ArrayBuffer neutering is potentially useful for more than just transferring ownership between Workers. Some Web API methods take ArrayBuffers or typed arrays as parameters, and have to copy the data internally for later use. For example, WebGLRenderingContext.bufferData has to validate its ArrayBuffer parameter's contents and copy the data for later use --- otherwise the caller could modify the ArrayBuffer after the bufferData call has returned, and defeat any validation that was performed. If it's helpful for performance, we can add a version of bufferData that neuters its ArrayBuffer parameter and takes ownership of the data instead of copying it.
Web Audio is an interesting case. Web Audio AudioBuffers contain ArrayBuffers containing audio samples. AudioBuffer samples are made available to an audio processing thread. The question is, what happens if those sample ArrayBuffers are modified by the main thread while the audio processing thread is using them? If the memory is naively shared, the answer is "data races", which are unpopular with many people (including me). One way to fix this without adding copying is to allow an AudioBuffer to neuter its ArrayBuffers, taking ownership of their element buffers and making them immutable so no copying is needed but there's also no possibility of data races.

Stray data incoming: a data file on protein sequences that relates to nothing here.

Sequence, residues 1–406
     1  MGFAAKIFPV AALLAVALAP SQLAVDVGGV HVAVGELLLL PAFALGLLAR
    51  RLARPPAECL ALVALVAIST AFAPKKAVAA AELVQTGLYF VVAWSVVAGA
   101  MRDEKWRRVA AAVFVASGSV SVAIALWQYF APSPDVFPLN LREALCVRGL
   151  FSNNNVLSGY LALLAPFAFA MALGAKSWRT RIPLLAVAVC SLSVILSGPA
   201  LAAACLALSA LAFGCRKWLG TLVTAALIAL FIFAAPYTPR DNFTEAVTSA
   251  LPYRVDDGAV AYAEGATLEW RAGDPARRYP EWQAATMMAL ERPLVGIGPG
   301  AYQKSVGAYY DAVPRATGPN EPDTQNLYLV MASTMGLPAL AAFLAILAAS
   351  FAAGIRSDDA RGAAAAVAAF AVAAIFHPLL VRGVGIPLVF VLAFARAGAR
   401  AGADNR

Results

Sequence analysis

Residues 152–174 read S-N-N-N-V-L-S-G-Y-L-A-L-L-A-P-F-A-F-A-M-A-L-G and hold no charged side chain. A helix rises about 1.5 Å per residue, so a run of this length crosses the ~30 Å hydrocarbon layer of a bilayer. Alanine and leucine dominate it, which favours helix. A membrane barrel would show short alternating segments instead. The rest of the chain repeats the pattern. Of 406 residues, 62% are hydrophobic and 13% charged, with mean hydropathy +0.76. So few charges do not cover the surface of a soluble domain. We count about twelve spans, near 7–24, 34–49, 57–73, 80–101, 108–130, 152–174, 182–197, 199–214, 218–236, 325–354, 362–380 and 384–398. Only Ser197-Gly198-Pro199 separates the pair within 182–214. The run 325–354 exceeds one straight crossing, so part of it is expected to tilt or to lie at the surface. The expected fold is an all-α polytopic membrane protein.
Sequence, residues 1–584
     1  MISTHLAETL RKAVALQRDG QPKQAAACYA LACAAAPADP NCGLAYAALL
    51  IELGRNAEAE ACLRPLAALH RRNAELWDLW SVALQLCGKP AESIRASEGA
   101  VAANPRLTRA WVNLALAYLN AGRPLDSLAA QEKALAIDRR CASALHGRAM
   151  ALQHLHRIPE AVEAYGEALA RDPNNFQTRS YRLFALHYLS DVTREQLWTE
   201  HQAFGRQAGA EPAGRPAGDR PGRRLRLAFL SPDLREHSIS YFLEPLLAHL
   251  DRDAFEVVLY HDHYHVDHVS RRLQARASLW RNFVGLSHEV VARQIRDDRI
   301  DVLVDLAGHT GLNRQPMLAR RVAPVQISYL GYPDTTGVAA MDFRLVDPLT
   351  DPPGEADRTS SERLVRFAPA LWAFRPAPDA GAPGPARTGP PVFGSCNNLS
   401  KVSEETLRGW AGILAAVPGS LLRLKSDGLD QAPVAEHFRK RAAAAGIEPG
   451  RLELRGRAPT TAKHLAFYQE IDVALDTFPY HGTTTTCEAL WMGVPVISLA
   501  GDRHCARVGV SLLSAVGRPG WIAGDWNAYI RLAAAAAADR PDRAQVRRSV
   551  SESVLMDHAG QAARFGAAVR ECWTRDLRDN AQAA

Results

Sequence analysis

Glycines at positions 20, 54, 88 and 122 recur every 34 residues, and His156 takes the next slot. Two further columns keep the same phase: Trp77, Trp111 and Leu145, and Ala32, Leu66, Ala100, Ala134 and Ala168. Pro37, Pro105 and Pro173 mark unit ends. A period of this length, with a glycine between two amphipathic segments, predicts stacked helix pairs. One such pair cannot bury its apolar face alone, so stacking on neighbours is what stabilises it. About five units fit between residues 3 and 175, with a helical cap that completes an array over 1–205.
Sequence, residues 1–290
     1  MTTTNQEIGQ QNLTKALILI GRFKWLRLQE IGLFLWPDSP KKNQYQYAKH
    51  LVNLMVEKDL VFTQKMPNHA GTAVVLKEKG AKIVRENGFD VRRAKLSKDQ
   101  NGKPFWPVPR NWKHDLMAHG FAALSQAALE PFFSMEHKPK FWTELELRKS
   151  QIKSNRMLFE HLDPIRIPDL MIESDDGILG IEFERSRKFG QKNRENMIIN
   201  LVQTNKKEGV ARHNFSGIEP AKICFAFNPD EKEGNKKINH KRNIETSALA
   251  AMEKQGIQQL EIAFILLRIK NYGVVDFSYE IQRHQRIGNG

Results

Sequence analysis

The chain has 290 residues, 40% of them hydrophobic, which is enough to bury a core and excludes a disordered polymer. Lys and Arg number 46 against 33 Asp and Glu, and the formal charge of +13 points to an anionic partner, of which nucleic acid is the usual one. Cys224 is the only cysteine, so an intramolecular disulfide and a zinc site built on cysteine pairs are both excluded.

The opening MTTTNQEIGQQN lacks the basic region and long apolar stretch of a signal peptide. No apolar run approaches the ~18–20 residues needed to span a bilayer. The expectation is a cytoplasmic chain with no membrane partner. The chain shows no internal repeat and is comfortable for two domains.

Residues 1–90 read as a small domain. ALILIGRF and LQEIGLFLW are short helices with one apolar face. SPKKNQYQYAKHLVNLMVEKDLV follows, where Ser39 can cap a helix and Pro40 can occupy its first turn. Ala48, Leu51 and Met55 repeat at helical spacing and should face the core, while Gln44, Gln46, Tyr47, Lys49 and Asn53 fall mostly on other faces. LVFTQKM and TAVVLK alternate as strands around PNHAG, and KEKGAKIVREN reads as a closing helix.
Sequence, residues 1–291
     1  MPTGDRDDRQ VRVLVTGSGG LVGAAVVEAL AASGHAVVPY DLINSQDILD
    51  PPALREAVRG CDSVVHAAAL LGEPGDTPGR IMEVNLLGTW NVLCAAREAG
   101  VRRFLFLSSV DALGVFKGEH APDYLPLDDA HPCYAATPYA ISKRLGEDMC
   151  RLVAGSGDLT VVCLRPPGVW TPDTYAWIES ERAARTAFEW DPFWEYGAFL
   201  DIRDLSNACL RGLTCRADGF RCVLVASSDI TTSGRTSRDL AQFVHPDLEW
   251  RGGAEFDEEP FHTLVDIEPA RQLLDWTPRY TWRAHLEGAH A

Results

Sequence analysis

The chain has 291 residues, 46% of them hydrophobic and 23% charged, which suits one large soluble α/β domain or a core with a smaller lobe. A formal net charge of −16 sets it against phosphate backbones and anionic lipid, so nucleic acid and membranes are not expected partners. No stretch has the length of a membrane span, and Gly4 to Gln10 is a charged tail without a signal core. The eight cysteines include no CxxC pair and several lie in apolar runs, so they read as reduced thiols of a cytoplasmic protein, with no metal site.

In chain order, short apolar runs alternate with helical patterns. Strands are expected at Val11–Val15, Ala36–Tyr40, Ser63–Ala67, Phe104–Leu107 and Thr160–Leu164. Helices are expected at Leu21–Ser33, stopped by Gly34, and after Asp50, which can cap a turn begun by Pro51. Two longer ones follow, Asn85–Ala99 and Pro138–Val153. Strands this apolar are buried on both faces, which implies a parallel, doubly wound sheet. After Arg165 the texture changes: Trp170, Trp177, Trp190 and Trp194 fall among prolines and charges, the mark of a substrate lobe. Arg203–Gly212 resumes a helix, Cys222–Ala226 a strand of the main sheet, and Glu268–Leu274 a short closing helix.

When designing new Web APIs, if copy avoidance is important, we should keep ArrayBuffer neutering and Blobs in mind as possible solutions.
Sunday, 14 July 2013
I've just returned home from another Bay Area trip for the LEAD program. I also met up with Dirk Schultze and some other Adobe developers for some work on SVG/CSS filters.
Because of the Asiana crash at SFO, my flight to SF was delayed by ten hours and became a daylight flight, so I watched five movies on the way there. I watched two on the way back. The movie haul this month was pretty good actually.
- Life Of Pi: Brilliantly executed but not all that interesting.
- Seven Psychopaths: Slightly above average. A lot more interesting than the title would suggest.
- Stoker: Above average thriller.
- Argo: Pretty good, apart from the gratuitous slander against New Zealand.
- Trance: Somewhat absurd but interesting thriller.
- Side Effects: Pretty good mystery/thriller.
- Dangerous Liasons (2012 Chinese version): Pretty good, but I'm a sucker for Chinese period drama, not to mention Zhang Ziyi and Cecilia Cheung.
Friday, 5 July 2013
Sometimes we make changes that are strongly justified but inevitably annoy some of our users. The Firefox 22 change to be aware of UI scaling on Windows is a good example. Some of the most helpful contributions I've see from community members recently are patient explanations to complaining users why we made changes and what they can do about it. I'm particularly thankful because interacting with upset users is draining for me --- I need to save my emotional energy for interactions on Web standards mailing lists :-).
The same goes for our volunteers who work with Web developers. Thanks to all of you. Please keep it up!